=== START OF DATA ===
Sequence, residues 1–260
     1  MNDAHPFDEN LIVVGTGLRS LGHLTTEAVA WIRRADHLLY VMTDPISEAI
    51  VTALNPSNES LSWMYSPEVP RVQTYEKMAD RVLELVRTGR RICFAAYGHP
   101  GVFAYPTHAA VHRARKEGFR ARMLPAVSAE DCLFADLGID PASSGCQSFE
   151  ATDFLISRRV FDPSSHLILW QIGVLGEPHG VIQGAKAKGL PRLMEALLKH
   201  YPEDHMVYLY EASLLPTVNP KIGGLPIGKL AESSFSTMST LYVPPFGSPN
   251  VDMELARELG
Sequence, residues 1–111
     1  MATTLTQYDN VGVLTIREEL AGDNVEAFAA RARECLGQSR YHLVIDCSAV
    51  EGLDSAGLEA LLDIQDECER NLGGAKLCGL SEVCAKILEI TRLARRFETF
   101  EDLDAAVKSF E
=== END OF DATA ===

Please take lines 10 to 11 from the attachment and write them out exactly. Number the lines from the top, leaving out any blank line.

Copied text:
    51  EGLDSAGLEA LLDIQDECER NLGGAKLCGL SEVCAKILEI TRLARRFETF
   101  EDLDAAVKSF E